After Wilmer Flores checked his swing, Will Smith pointed his finger toward first-base umpire Gabr Morales, which was to prompt an appeal which would either result in a strikeout which secured a Game 5 victory and an NLDS clincher forthe Los Angeles Dodgers, or with another chance to drive the game-tying run by 1-2 count for Flores.
Perched behind the bag, pumped his fist and Morales stared back at home plate. Antoan Richardson, who is a First-base coach buried his face in his hands. Kris Bryant, who had reached on a Justin Turner error earlier in the inning, decided to drop his shoulders and began walking to the San Francisco dugout. Flores, who had been called for a controversial game-ending strike, raised his left hand in disbelief.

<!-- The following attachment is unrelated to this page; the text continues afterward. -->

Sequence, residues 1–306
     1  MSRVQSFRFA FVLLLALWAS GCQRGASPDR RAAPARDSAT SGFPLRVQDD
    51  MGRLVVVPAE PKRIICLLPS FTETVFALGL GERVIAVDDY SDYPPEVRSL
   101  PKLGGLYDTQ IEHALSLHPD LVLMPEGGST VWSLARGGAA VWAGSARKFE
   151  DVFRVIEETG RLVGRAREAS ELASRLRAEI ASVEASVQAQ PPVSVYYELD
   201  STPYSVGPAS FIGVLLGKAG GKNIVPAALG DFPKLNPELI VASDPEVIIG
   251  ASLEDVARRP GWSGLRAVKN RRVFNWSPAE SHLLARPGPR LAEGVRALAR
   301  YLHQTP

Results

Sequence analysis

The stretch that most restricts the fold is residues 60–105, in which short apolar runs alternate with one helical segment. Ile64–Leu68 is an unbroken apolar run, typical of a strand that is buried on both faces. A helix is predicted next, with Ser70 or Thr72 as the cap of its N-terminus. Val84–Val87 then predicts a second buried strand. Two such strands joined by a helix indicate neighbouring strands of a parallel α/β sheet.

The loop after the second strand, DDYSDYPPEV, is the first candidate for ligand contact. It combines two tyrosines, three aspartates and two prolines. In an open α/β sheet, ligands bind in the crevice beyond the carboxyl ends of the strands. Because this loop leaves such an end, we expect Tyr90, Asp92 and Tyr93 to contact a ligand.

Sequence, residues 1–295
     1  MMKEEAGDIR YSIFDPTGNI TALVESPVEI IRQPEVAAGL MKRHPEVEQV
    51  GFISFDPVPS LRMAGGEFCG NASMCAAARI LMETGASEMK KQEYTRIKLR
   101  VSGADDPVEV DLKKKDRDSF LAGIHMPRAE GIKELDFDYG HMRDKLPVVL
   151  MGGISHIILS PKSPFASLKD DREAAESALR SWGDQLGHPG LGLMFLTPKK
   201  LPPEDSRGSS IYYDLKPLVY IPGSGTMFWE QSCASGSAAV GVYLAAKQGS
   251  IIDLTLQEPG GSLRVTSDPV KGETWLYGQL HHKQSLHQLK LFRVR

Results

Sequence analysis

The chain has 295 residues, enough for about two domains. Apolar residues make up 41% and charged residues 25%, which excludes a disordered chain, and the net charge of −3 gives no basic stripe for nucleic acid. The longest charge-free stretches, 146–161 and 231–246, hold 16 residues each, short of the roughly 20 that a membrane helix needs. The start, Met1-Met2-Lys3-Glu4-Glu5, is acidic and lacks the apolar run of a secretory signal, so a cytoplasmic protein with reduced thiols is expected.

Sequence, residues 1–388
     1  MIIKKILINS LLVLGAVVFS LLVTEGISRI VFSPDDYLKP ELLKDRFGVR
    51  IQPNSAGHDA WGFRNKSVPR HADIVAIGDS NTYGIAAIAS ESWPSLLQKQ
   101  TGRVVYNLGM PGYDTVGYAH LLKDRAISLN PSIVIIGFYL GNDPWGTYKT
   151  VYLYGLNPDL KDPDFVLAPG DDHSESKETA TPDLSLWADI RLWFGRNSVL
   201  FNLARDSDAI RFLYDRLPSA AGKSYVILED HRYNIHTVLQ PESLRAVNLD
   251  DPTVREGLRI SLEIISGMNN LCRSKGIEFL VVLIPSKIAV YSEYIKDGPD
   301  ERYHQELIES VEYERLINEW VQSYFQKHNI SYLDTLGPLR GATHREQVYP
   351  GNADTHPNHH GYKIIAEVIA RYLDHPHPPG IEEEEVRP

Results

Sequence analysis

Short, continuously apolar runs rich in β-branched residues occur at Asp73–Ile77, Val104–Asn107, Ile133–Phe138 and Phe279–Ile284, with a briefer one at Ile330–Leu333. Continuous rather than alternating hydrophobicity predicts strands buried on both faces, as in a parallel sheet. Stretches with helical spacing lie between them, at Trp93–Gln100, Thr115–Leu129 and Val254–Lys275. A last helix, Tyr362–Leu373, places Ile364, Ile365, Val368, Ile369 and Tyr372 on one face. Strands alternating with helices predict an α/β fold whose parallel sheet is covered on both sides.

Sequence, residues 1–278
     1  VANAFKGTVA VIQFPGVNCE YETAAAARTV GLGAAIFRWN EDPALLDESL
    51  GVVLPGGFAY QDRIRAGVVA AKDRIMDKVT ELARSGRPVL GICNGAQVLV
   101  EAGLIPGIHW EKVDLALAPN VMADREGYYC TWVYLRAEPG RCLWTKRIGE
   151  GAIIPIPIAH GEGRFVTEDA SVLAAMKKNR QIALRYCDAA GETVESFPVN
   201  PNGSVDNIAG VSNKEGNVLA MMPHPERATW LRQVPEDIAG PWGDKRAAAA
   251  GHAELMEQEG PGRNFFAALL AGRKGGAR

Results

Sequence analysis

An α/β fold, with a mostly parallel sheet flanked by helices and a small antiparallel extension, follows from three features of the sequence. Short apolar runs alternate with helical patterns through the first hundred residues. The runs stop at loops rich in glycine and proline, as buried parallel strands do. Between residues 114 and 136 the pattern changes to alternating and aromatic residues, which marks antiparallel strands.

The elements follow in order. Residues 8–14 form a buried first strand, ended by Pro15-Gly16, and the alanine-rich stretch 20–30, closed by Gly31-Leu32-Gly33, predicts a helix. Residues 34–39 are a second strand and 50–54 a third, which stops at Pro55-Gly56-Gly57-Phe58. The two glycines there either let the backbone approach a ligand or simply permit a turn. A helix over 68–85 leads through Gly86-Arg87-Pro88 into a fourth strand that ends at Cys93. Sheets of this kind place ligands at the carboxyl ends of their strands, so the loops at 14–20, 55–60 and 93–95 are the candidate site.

After the game, crew chief Ted Barrett was questioned if Morales stood by his call after reviewing replays.
“Yeah, no, we, yeah, yeah, he doesn’t want to say,” Barrett said.
That is just the type of clarity you want with a team’s season on the line.
The dubious check-swing call against Flores earned Max Scherzer his first career save and the Dodgers a 2-1 victory, advancing them to the NLCS against the Braves. “Check swings are one of the hardest calls we make,” Morales said after the game, and those aren’t moments that managers can challenge under MLB’s replay rules.
According to the MLB’s replay review glossary, eleven types of calls are reviewable and thus challengeable, and each manager is given two challenges during playoff games versus one during regular-season games. Check-swing calls and pitch location, on the other hand, aren’t among the plays that can be scrutinized.
After the game, Mookie Betts stated in a TBS interview that he didn’t think Flores swung, according to USA Today, “but I’m not the one who makes the decisions. It is what it is.” San Francisco manager Gabe Kapler added that “it looked like he didn’t go.”